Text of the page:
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California Voters Reject Requirement To Use Condoms In Porn

The adult entertainment industry had criticized Proposition 60, saying it would push the porn industry underground, thereby making porn actors less safe.

Last updated on November 9, 2016, at 11:28 a.m. ET

Posted on November 9, 2016, at 10:21 a.m. ET

FAIR (For Adult Industry Responsibility) backed California's condom initiative.
Carlos Delgado / AP Images for AIDS Healthcare Foundation

FAIR (For Adult Industry Responsibility) backed California's condom initiative.

Californians voted 54-to-46 to reject Proposition 60 on Tuesday night, nixing a proposal that would have explicitly required actors in the global porn capital to wear condoms when having intercourse on set.

"This was a tremendous victory, not only for adult performers, but for science over stigma, and facts over fear," Mike Stabile, a spokesperson for the campaign to defeat the measure, said in a statement on Wednesday. "Adult industry workers no longer need to fear a punitive law that would have allowed any resident of the state to file suit against them."

The measure was backed by For Adult Industry Responsibility (FAIR) with about $4.5 million from the AIDS Healthcare Foundation, a group that has for years argued the porn industry promotes reckless promiscuity.

Led by Michael Weinstein, the organization said the ballot measure would help protect workers from HIV and other infections, while preventing disease vectors from spreading to the general population.

Opposition came from the pornography industry, which amassed unlikely support from most big newspaper boards and even some religious conservatives. Their group, Californians Against Worker Harassment, contended that requiring condoms in porn would have done little to protect workers and instead would turn off consumers. Rather than promote health, they argued, the rules would make workers less safe by pushing porn shoots underground or out of state, where there would be little or zero regulation on set.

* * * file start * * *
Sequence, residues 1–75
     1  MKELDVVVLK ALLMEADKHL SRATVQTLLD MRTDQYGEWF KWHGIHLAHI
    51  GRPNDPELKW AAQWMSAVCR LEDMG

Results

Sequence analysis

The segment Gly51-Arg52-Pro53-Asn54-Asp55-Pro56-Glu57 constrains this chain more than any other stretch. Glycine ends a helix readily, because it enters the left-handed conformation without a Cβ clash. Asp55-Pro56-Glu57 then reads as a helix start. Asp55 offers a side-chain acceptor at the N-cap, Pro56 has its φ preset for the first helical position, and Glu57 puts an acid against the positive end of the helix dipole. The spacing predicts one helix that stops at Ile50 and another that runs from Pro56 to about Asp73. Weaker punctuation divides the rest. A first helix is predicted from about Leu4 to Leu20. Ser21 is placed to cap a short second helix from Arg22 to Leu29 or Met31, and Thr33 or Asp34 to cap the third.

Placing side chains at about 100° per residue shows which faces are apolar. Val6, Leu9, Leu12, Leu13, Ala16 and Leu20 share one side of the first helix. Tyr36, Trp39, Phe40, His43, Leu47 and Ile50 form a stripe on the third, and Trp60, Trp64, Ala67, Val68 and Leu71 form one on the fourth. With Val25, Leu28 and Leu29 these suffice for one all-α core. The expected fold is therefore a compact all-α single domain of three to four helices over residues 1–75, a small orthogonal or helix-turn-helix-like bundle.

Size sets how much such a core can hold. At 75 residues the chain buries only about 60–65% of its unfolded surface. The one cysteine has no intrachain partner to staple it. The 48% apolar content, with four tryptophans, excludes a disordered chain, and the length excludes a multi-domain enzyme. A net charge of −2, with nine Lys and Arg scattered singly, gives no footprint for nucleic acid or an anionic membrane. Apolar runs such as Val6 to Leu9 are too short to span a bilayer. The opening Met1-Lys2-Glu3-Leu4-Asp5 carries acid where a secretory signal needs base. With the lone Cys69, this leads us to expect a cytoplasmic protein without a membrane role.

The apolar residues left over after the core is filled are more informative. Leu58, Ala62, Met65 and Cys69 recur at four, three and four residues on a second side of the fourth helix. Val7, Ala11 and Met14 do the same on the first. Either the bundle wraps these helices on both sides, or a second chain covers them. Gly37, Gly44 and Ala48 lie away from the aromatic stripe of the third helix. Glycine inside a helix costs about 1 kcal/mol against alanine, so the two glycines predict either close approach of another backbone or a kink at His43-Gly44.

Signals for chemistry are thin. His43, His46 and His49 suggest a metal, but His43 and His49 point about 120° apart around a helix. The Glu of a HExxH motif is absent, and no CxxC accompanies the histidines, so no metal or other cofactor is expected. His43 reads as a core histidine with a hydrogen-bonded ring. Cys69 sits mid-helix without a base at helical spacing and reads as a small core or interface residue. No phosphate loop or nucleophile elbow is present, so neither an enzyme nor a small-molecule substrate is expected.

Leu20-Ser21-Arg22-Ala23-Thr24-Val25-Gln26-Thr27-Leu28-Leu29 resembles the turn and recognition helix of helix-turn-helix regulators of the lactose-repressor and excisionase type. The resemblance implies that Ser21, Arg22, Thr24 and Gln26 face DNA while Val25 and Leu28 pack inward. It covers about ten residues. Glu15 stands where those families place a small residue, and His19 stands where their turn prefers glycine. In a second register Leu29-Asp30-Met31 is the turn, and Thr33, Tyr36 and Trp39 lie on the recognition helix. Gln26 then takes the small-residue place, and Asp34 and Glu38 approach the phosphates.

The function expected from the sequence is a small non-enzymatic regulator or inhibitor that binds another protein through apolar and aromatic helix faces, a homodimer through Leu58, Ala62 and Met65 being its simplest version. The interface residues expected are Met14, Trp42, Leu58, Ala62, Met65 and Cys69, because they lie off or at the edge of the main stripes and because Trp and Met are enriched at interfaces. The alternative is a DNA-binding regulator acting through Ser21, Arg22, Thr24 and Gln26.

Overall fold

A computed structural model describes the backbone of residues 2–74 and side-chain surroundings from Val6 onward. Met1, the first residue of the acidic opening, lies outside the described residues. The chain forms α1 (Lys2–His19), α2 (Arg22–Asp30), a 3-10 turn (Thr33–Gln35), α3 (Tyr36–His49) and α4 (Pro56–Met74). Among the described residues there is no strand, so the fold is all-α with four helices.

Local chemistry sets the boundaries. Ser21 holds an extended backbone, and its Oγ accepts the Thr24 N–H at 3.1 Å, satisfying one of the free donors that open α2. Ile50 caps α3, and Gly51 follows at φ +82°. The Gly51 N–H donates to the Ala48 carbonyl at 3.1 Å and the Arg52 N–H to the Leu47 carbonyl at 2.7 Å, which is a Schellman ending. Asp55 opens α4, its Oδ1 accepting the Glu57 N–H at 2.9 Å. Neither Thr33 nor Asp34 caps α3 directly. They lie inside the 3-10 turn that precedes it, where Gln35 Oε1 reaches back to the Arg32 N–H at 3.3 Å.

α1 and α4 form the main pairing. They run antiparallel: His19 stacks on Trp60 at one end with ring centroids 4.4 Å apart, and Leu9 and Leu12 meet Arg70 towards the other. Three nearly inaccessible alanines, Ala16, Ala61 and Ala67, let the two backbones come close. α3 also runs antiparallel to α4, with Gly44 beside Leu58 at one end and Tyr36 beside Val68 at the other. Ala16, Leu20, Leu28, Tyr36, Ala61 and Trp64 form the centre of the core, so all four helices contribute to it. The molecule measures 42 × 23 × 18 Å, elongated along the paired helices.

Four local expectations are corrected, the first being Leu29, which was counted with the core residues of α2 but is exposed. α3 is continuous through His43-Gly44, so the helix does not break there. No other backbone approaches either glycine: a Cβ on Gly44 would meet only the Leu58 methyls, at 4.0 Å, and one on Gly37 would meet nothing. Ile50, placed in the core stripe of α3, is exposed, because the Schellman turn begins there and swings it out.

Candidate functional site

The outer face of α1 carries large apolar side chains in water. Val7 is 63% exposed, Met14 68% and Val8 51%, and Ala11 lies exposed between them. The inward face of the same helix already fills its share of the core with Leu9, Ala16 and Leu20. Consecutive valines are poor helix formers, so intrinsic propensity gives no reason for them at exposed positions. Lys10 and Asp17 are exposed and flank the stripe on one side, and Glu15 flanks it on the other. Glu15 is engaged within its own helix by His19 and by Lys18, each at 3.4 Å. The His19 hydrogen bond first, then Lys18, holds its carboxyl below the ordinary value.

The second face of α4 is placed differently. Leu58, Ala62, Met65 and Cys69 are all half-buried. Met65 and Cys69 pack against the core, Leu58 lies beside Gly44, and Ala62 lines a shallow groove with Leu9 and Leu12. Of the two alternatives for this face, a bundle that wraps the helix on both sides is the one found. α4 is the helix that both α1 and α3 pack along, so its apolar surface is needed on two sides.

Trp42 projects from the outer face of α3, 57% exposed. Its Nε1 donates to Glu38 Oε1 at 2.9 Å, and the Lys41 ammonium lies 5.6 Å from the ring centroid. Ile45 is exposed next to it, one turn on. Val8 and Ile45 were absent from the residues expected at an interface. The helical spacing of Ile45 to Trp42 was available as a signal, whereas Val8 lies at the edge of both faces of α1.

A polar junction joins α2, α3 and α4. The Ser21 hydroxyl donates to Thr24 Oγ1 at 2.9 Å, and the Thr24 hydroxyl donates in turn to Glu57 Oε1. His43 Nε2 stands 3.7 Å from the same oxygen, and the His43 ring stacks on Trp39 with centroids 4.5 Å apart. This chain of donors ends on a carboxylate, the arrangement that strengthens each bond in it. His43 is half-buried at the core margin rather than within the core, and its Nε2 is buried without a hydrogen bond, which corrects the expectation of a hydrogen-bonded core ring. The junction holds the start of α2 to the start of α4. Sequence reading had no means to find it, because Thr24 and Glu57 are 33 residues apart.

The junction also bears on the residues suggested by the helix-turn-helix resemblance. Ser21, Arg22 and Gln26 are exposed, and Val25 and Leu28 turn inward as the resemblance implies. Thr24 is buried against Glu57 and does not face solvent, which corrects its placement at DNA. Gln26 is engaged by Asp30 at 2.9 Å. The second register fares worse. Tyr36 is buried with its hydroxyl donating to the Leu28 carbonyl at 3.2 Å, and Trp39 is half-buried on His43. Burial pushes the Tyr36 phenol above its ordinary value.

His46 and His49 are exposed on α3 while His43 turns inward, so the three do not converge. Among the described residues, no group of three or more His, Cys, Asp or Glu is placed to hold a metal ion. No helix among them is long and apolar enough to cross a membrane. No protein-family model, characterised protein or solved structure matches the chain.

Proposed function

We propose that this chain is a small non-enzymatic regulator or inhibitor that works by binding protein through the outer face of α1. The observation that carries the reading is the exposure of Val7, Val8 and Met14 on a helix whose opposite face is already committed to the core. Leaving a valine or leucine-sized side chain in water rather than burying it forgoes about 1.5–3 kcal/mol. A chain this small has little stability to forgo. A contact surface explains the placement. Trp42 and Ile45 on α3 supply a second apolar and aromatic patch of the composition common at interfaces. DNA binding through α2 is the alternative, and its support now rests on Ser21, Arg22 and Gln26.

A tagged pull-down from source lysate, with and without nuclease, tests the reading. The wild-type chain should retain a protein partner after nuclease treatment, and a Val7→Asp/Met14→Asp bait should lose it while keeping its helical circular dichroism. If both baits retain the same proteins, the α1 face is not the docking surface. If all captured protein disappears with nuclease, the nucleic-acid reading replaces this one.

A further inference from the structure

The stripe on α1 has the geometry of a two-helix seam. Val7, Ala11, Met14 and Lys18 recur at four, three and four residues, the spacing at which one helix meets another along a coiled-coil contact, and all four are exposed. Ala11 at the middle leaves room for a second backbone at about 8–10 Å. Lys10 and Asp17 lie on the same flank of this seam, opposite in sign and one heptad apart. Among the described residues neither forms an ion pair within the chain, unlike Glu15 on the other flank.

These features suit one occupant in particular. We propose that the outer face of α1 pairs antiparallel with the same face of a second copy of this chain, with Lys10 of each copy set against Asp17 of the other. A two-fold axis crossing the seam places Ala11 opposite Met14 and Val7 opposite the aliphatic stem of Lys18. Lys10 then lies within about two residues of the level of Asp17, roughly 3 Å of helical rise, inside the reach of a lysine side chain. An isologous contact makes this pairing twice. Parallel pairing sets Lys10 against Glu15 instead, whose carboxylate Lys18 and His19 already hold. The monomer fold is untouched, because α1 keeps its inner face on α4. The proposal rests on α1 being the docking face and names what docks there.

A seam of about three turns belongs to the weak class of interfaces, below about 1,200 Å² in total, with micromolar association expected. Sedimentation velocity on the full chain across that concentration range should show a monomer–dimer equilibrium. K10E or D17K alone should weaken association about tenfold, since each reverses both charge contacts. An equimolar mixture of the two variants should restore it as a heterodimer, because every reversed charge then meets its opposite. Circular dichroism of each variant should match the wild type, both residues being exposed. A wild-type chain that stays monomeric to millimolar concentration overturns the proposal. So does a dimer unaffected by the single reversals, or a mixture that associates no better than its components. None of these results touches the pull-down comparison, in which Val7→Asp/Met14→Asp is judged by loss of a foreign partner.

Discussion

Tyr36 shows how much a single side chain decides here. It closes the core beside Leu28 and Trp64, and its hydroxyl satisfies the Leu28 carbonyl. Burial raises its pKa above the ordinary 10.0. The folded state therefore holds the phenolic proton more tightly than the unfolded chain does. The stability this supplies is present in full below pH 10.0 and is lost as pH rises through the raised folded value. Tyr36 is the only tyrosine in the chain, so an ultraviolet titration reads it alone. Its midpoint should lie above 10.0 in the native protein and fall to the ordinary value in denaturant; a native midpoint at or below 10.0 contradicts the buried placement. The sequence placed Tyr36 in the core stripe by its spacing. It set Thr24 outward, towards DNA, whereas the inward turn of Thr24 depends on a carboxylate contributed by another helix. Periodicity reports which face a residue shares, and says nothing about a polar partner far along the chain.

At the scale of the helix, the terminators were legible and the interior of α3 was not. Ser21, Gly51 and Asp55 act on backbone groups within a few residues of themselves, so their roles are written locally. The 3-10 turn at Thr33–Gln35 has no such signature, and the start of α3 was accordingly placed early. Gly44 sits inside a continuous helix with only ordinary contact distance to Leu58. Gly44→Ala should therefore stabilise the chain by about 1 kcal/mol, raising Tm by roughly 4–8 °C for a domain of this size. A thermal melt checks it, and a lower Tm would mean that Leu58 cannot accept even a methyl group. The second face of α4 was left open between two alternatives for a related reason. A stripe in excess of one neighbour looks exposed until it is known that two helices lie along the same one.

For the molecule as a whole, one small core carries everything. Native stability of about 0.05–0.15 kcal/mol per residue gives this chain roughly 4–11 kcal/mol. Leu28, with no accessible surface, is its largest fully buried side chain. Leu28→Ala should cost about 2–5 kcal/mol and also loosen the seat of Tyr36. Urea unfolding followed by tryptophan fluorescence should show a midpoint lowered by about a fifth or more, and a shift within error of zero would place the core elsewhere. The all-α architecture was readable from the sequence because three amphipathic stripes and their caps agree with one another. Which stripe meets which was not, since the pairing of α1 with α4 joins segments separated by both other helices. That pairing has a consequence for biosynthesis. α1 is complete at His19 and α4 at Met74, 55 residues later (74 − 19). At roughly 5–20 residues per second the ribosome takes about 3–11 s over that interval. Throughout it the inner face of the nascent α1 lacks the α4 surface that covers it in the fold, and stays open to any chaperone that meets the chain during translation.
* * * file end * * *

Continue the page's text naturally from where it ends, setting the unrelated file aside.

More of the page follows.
The proposition would have reinforced regulations already adopted by the state.

For more than a decade, the California Division of Occupational Safety and Health (Cal/OSHA) has interpreted workplace safety rules for infectious materials to require condoms in porn shoots.

Still, the state has only investigated a case if someone complained — despite the fact that copious porn made without condoms in California streams across the internet constantly.

Under the rules laid out in Proposition 60, the condom requirement would have been explicitly baked into state law, and if the state failed to follow up on a complaint, private citizens could sue a porn producer and receive 25 percent of any penalties paid by a defendant.

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